Our Energy Future
Two Delaware men are at the fore of the debate on energy use and environmental degradation. Can the views of the businessman and the scientist be far apart? Maybe. Maybe not…
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Yes, there’s a future in solar and wind, but as long as we must use coal and nuclear, John Moore wants to make it better.
John A. Moore’s first major investment was in a knitting mill, Tultex, in Martinsville, Virginia, where he lived in the mid-1970s. Moore figured the sweatsuit craze then sweeping the nation might make the local mill a good investment. So he bought some Tultex shares, then decided to get an up-close look at the company by attending the annual meeting. First, however, he had to be excused from school for the day. John Moore, you see, was in the sixth grade.
Tultex went on to become a Fortune 500 company. Moore went on to validate his wunderkind beginnings over the next 30 years with shrewd investments that gave him controlling interests in companies that spanned several industries. Today he is something of an entrepreneurial legend, one who espouses a counter-intuitive view of the energy and environmental crises while heading up Acorn Energy in Montchanin.
Moore lives with his wife and four school-age children in Greenville. He has a relaxed, self-effacing style that runs counter to the image of the ruthless business magnate. Take, for instance, the way he explains that first investment. “I wasn’t good in school. I wasn’t good at sports. I had to be good at something, and I felt if I got a lead on the other kids by learning about business and the stock market at a young age, I could find some success.”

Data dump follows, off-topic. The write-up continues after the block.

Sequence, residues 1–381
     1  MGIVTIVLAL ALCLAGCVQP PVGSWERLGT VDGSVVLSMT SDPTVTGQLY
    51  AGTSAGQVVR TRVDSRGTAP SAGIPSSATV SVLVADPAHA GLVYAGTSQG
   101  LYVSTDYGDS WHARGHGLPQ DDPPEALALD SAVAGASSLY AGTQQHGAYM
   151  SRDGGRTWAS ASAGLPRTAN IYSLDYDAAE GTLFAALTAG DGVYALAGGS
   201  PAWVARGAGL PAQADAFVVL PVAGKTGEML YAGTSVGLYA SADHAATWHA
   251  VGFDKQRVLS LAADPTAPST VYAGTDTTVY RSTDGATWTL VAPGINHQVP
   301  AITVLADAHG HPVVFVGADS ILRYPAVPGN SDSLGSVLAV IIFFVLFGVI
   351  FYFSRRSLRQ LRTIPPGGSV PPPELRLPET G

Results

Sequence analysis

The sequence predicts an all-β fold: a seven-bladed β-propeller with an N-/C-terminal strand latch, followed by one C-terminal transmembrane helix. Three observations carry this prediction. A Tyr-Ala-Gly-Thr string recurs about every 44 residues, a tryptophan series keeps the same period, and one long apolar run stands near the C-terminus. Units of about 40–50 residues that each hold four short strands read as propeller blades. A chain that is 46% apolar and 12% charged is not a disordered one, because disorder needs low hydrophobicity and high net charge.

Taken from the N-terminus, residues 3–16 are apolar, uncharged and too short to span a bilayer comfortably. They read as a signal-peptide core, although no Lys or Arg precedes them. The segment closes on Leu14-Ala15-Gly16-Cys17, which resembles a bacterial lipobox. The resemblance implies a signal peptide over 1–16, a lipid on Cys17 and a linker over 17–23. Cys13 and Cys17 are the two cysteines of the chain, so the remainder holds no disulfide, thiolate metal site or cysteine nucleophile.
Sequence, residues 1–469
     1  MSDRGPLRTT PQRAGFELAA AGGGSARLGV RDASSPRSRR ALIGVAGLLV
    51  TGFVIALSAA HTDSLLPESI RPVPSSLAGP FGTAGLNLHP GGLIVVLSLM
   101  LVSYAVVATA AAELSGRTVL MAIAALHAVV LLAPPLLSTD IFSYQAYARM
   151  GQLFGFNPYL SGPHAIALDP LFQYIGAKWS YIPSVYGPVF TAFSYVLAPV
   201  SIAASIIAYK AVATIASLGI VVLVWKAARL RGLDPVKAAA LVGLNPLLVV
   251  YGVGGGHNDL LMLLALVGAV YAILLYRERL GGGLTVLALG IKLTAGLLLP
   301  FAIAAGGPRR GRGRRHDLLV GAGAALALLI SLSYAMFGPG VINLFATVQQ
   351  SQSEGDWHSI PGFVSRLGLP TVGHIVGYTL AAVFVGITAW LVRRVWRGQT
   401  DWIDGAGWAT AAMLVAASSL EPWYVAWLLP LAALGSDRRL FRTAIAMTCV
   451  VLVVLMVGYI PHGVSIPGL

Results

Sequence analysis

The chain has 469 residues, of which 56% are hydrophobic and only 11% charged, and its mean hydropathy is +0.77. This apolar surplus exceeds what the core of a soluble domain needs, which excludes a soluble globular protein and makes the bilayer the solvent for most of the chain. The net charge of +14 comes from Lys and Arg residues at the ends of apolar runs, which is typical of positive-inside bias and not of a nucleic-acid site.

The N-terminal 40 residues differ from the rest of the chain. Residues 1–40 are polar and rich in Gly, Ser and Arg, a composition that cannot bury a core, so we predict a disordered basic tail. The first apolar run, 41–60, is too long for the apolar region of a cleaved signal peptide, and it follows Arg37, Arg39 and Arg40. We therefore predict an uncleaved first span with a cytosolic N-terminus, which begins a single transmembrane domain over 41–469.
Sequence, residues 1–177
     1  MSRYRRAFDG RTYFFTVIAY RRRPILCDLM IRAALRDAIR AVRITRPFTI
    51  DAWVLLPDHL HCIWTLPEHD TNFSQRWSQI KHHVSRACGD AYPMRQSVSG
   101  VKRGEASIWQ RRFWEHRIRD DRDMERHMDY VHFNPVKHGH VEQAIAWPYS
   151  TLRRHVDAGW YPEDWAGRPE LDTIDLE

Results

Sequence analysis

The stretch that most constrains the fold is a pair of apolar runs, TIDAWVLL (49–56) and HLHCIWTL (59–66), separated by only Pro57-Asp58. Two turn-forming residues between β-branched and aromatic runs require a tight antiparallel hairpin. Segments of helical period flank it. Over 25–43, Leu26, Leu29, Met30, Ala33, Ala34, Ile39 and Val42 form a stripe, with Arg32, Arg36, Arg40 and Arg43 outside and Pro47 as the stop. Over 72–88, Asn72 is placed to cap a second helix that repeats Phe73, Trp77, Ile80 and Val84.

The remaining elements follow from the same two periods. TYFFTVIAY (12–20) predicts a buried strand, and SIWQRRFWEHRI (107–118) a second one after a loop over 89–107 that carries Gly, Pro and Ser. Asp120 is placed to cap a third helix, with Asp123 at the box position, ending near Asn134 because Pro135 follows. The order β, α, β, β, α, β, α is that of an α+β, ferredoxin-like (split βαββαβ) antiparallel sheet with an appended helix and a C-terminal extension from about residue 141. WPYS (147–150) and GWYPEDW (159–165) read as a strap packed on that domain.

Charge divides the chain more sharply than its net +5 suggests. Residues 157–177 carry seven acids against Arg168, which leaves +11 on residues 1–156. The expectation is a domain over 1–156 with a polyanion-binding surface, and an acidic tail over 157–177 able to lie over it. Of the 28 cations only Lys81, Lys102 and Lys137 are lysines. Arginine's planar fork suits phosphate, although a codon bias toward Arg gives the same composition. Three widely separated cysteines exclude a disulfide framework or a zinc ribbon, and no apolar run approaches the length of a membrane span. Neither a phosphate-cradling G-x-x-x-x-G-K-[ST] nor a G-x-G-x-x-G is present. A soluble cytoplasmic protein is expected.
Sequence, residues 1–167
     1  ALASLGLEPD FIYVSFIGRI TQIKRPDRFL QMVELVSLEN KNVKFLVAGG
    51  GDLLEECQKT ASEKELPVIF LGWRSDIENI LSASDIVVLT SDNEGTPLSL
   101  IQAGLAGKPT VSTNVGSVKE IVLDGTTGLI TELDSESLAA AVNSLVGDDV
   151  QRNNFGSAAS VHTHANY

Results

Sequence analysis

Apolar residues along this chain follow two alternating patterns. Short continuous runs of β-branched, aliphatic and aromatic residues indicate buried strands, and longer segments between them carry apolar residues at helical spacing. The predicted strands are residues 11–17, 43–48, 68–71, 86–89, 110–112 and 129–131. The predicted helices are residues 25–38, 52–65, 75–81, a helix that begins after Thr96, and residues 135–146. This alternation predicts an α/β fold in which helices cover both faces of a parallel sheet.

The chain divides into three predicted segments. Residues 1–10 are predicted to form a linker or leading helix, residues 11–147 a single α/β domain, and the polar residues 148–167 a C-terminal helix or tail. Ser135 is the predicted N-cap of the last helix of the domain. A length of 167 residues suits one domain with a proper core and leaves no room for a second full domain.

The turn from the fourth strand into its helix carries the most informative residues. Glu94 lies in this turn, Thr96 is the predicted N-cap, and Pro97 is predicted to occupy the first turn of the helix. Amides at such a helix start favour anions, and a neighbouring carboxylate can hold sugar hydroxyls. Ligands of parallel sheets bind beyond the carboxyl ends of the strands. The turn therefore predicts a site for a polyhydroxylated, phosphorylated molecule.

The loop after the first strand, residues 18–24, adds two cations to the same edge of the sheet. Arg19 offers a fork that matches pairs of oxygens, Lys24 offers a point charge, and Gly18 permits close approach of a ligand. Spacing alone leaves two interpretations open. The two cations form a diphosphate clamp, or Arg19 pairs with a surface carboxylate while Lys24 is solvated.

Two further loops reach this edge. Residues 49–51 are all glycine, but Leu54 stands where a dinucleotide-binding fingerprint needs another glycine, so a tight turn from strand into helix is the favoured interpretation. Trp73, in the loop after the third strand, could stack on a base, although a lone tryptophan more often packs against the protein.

While claiming that he brings no special intellectual prowess to the table, there’s no denying his three greatest assets: an ability to spot and take advantage of trends—like the ’70s sweatsuit craze—his work ethic and his willingness to take risks. His first major deal, which occurred a few years after his Tultex investment, is a case in point.
First, a little background: Moore’s father, John W., was a DuPont engineer who was transferred to several locations during Moore’s youth, including Martinsville and Switzerland. After Moore graduated from high school in that country, DuPont transferred his father to Wilmington. Fulfilling a promise to his dad, the 18-year-old Moore enrolled as a history major at Rutgers University—“I really didn’t want to go to college,” he says—attending night classes and living in New Brunswick, New Jersey. But during the day, he commuted to New York and pursued his real passion, Wall Street, where he worked at Lehman Bros. as a cold caller. “Smile and dial,” he says. “A miserable job, but an amazing experience.”
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